General Health

Experiencing Goosebumps Unusually? Know What It Can Mean

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By Apollo 24|7, Published on - 21 June 2022, Updated on - 26 July 2023

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Every time we hear a mesmerising voice, watch something spooky or get cold, we tend to experience goosebumps. Scientifically speaking goosebumps are involuntary reactions triggered by the body in response to stimuli. Goosebumps, also called piloerection, occur when the tiny muscles located at the base of each hair follicle contract, causing the hairs on our arms, legs, and torso to stand up. 

While goosebumps are normal reactions, they may indicate an underlying health condition as well. The article explores the medical causes of goosebumps in detail below. 

Medical conditions that may trigger goosebumps

Medical conditions that could be the reason behind goosebumps are:

1. Keratosis pilaris

Keratosis pilaris (KP), also known as “chicken skin” is a common, harmless skin condition that causes the formation of dry, rough patches and tiny bumps on the skin, especially on the upper arms, thighs, cheeks, or buttocks. The tiny bumps that resemble goosebumps are formed by dead skin cells that clog the hair follicles. The signs of KP include:

  • Painless tiny bumps on the skin that worsen during winters
  • Sandpaper like skin
  • Dry and rough skin in the areas with bumps 

There is no known cure for keratosis pilaris, however, the tiny bumps usually disappear by age 30.   

2. Autonomic dysreflexia

Autonomic dysreflexia, also known as autonomic hyperreflexia, is a serious medical condition in which the nervous system overreacts to external or bodily stimulation. The condition results in a sudden spike in blood pressure with a very low heart rate. Other signs include:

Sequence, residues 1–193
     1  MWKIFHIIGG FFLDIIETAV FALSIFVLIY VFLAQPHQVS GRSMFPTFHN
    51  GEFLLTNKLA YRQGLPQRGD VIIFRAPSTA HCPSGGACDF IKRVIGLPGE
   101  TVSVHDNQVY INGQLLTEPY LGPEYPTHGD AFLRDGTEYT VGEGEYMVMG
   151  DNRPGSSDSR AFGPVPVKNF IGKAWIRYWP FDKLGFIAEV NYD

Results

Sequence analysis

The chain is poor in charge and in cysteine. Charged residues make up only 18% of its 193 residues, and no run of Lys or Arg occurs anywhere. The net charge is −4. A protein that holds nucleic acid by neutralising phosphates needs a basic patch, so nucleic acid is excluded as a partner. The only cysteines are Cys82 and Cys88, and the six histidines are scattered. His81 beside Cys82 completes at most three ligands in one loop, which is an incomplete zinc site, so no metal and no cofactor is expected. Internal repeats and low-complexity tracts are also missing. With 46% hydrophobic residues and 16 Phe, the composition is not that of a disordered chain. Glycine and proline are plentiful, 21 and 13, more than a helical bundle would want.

• Profuse sweating
  • Anxiety
  • Confusion
  • Dizziness
  • Blurry vision
  • Nasal congestion
  • Goosebumps in the lower body
  • Difficulty in breathing

Without prompt treatment, autonomic dysreflexia can result in severe complications like stroke, retinal haemorrhage, cardiac arrest, and pulmonary oedema. 

3. Temporal lobe epilepsy

The temporal lobe is a part of the brain that is responsible for processing memories and sounds, interpreting vision, producing speech, understanding language, and regulating automatic responses such as hunger, thirst, fight-or-flight, and emotions. In temporal epilepsy, seizures occur in the temporal lobe areas of the brain. During a seizure, a person may experience symptoms such as:

  • Loss of awareness of surroundings
  • Repetitive movements like lip-smacking, staring, swallowing, chewing, goosebumps, and unusual finger movements. 

While the majority of the people with temporal lobe epilepsy show significant improvement with anti-epilepsy drugs, surgery may be necessary to reduce the instances of seizures.

Goosebumps occurrences are involuntary reactions to certain types of stimulation. The appearance of goosebumps tends to suggest that you are either cold or having an emotionally strong experience. However, in rare cases, they may also indicate a medical condition. If you are experiencing goosebumps with other unusual symptoms, consult your physician for further investigation.

Medically reviewed by Dr Sonia Bhatt.

General Health

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